With so many different legal battles and the passing of major legislation in regards to unemployment benefits, financial reform, Afghan war,etc… Last week another major law passed under the radar, with little media coverage, regarding the countries War on Drugs.
On Wednesday afternoon, the House voted to reduce racial inequity that has historically existed relative to the sentencing of people caught with crack cocaine versus powder cocaine. To be charged with a felony, crack users needed to possess only 5 grams of the drug to be sentenced with the same charge that powder cocaine users needed to be caught with (500 grams).
For years, this 100-1 ratio landed many young African-Americans across the country in prison industrial complexes at a much higher rate than Caucasians caught with cocaine in the suburbs. According to research by the Human Rights Watch, “Blacks comprise 62.7 percent and whites 36.7 percent of all drug offenders admitted to state prison, although there are five times more white users than black. Moreover, black men are admitted to state prison on drug charges at a rate that is 13.4 times greater than that of white men.” And, statistics continue to show that there are more Black men (between the ages of 20 and 29) under the control of the nation’s criminal justice system than the total number in college.
Under the bill, brokered by Senators Dick Durbin, D-Ill., and Jeff Sessions, R-Ala., the 100-to-1 sentencing disparity between powder cocaine and crack cocaine would be reduced to 18-to-1. It would also eliminate the mandatory minimum for simple possession of crack cocaine. The Congressional Budget Office estimates the new law could save $42 million in taxpayer funds over the next five years. Although a 1-1 ratio of crack cocaine and powder cocaine would have been ideal, it brings joy to know that lawmakers put aside ideological differences and political posturing to pass a law that has been needed for a very long time. The 18-1 ratio, which means 28 grams of crack cocaine to 500 grams of powder cocaine, is the primary tenet of the Fair Sentencing Act and is a major step forward toward social justice- a virtue that appears to have dissipated away in recent years.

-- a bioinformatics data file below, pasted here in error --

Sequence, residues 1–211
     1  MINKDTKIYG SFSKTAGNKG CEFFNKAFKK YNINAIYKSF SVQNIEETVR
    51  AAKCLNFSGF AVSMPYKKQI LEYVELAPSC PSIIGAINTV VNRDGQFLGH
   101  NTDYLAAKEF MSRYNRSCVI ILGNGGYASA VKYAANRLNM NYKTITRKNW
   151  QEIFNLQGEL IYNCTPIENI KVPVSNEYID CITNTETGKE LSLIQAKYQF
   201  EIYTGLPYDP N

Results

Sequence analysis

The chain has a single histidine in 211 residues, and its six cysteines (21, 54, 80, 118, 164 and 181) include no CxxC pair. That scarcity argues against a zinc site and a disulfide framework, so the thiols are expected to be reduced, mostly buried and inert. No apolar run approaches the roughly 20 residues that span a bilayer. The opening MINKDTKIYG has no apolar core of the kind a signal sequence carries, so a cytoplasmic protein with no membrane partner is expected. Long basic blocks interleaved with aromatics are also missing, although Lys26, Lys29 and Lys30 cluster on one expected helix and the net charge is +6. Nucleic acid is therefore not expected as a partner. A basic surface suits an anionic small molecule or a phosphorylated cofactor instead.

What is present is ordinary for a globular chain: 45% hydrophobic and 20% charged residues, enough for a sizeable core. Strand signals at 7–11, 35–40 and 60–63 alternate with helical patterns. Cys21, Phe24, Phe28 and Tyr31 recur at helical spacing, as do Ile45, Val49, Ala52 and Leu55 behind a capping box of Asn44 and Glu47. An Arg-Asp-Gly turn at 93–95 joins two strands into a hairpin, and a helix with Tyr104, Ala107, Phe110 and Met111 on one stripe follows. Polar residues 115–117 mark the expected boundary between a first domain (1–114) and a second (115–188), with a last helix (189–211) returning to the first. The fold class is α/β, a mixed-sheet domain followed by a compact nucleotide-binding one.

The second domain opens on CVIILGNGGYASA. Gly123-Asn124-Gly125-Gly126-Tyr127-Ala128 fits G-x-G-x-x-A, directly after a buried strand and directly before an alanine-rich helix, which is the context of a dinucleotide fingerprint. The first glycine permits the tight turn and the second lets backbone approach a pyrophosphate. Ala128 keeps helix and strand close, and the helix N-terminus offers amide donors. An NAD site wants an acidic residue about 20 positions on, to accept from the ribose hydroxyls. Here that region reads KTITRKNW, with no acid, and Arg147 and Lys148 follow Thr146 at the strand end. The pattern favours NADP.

Some critics and legislators believe that the reduction in crack-cocaine sentencing will actually hurt minorities and will result in a growth of apathy toward the culture of drug consumption and distribution. Although I agree that there will logically be some growth of apathy, one cannot forfeit institutionalized racist practices based on the attitudes of individuals who will always find a way to make quick cash even if it harms their community.
By all means, this legislation is not the panacea for all injustices relative to drug trafficking and consumption. Additional steps such as mentoring and accountability, education-based incentives, spiritual restoration and rehabilitation and job programs for former inmates are sorely needed. But, this week, I am filled with a fair amount of jubilation. This country should begin focusing more on public policies that lead to equal opportunities, rights and access exclusive of wealth class, race or any other anthropogenic divisions. And, if President Obama continues to refocus on the “least of these” as represented with this legislation and as he repeatedly promised during his campaign, then he truly will have a transformational presidency that transcends time.
“Today’s vote of the House of Representatives approving the Fair Sentencing Act to reduce disparities in cocaine sentencing represents a significant step forward for greater fairness in our criminal justice system and, hopefully, the start of a more rational approach to dealing with our nation’s drug laws.
While the bill doesn’t completely eliminate the unjust and unjustifiable disparity between sentences for crack and powder cocaine that has decimated African-American communities across the nation, it will go a long way toward alleviating some of the pain felt in these communities by providing more equitable sentences to low-level crack users and relief to those now serving disproportionately long sentences.
The overwhelming bipartisan support in the House and the Senate for the Fair Sentencing Act is a notable triumph given the all-too-frequent politicization of our drug laws. However, the hard truth remains that any disparity in cocaine sentencing is both morally wrong and corrosive to the public trust that sustains our criminal justice system. The Leadership Conference is fully committed to redoubling its efforts to seek the complete elimination of the sentencing disparity – the only fair and just solution.”